A more ominous element of the attacks is that hacking is a capital offense in China. Two hackers who broke into a Chinese bank computer network and stole $31,400 were sentenced to death in 1998. While security experts don't think the Chinese government is sponsoring the attacks, they believe Beijing would have to be condoning an effort this large and organized.
Meanwhile, hacker-tracking groups, such as Attrition.org, claim the hacking has been going on for some time, with individual attacks pre-dating the surveillance plane collision, and did not take on political overtones until the media picked up the story.
A group known as the "Honkers" Union of China claimed responsibility for some of the attacks Monday, displaying their name on the home page of the sites they infiltrated below several lines of anti-American slogans. The group replaced the home page of each site with one reading "The People's Republic of China is Everlasting. Down With USA. Down With Yankees."
On the Web site 777.wireless.com, the group posted pictures of the Chinese military and a tribute to Wang Wei, the Chinese pilot who died in the collision with the American surveillance plane.
Among other U.S. sites defaced by the Chinese hackers Monday were the site for the California Energy Department, the site for a European scuba diving outfit, a California manufacturing firm and a non-profit organization that assists small business owners, as well as a long list of sites for American businesses and organizations.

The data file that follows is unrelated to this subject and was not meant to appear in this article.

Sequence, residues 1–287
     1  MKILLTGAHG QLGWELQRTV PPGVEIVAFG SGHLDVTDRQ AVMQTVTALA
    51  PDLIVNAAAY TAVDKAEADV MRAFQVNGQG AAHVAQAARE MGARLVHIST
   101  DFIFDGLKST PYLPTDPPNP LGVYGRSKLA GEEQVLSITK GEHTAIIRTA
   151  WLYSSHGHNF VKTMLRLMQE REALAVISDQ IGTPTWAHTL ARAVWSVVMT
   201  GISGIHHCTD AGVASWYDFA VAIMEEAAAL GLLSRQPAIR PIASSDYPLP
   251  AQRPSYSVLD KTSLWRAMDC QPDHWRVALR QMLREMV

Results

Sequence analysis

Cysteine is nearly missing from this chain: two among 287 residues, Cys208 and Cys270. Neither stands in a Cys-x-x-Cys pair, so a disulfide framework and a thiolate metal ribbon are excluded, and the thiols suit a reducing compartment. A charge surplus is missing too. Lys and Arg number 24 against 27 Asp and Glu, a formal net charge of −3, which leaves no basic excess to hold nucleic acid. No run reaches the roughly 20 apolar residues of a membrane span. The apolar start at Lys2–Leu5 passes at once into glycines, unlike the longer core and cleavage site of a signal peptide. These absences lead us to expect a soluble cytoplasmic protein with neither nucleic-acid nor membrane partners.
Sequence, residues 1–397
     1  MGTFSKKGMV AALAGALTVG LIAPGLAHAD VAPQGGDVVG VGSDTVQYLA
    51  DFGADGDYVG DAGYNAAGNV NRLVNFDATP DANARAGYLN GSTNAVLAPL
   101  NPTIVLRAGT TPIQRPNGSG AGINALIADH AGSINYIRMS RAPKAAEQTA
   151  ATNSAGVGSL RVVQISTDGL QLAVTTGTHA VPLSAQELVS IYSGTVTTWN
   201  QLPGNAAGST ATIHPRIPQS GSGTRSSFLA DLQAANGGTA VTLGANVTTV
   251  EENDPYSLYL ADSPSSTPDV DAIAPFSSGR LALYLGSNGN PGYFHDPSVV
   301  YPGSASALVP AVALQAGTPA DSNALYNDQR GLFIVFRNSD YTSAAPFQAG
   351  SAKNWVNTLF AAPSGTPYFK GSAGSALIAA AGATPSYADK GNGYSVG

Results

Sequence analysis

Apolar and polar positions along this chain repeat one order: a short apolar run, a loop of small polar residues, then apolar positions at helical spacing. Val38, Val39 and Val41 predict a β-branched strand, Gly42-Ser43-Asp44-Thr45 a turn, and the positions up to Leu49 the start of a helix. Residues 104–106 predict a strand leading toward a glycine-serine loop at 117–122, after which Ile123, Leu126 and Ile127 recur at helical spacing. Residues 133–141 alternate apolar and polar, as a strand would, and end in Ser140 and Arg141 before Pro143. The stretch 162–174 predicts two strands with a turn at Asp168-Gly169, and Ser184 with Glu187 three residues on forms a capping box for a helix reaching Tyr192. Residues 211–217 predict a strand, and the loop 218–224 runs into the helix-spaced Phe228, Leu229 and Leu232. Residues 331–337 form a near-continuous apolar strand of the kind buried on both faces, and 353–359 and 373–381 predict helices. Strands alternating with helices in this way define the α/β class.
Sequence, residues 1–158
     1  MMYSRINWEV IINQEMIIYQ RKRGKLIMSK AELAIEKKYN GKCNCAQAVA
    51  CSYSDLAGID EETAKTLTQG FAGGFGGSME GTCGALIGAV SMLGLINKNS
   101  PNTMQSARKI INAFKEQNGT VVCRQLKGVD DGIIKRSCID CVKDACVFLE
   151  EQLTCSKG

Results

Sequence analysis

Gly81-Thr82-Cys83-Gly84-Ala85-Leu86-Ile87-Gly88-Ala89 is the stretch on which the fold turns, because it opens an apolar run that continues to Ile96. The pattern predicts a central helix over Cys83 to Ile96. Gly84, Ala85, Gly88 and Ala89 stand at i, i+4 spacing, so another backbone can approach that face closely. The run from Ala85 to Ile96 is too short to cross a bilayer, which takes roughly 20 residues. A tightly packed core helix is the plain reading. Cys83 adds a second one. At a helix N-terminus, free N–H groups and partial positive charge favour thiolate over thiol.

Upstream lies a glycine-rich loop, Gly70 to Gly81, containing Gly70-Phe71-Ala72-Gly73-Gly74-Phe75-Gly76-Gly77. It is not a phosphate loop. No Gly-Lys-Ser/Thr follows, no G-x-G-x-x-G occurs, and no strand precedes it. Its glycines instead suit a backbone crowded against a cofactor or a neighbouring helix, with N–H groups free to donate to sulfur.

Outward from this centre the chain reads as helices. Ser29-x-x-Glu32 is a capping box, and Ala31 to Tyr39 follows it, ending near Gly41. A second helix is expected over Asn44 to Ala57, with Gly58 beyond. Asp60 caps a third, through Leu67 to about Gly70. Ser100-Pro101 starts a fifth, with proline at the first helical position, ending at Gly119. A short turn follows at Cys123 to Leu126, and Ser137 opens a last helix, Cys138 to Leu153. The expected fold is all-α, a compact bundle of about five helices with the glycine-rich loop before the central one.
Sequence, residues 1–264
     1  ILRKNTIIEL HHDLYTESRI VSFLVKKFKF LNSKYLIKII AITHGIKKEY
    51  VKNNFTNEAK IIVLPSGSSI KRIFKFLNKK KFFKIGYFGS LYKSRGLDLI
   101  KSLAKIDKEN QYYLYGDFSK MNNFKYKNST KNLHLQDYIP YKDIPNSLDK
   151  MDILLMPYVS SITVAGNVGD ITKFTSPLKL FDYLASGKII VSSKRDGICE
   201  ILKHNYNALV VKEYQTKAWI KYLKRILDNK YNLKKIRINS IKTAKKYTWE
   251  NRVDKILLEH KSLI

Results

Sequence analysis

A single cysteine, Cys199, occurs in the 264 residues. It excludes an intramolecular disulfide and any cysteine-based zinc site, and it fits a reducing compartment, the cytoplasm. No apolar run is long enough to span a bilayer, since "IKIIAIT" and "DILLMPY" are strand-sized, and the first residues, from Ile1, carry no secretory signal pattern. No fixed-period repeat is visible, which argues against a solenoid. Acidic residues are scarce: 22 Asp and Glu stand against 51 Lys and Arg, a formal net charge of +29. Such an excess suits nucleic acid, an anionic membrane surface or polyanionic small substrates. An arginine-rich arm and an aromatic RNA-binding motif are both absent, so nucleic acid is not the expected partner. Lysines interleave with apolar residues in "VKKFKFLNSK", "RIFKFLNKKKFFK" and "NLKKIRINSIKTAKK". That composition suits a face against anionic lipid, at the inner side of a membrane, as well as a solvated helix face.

A partial list of hacked U.S. government sites includes those of the Navy communication station in Washington; the U.S. Mineral Resource Administrative Bureau; the U.S. Department of Labor and the U.S. Department of Health.
Don Eskes, president of Filter Corp., a manufacturing company in Fresno, Calif., told Fox News that he learned his site had been hacked just after opening up Monday from one of the company's East Coast dealers. The site, which Eskes said was maintained by an independent web provider, had been repaired by 11:45 a.m. EST.
Jeff Higginbotham, network administrator for the Central Valley Business Incubator in Clovis, Calif., said his site was hacked through an attack on the outside web hosting company that maintained the advertising and promotion portion of the site. The web-based services the organization provides for its clients are hosted internally and were not affected, he said.
"It's really just a minor inconvenience," Higginbotham told Fox News. The hacked portion of the site was still displaying the Chinese pages at noon, EDT.
The "Red Guest Alliance News" said the cyber-assault would commence at 9 a.m. EDT on April 30 and was planned to continue through the May Day holidays of May 1-7. The organization allegedly mobilized its force by calling a cyberspace rally around 7 a.m. EDT.
The official Xinhua News Agency has made no public comments on the so-called "hacker war," but Chinese chat rooms and unofficial media outlets were buzzing with reports of the planned attack.
While China's official press has not commented on the attack, Chinese cyber-surfers reportedly overwhelmingly support the "51 Hacker War." According to the results of a poll reported by China.com, nearly 85 percent of 2089 respondents firmly support the Chinese "Red Guest" action.
Last week, the National Infrastructure Protection Center issued a warning that Chinese hackers may coordinate an attack against U.S. web sites with May Day festivities Tuesday.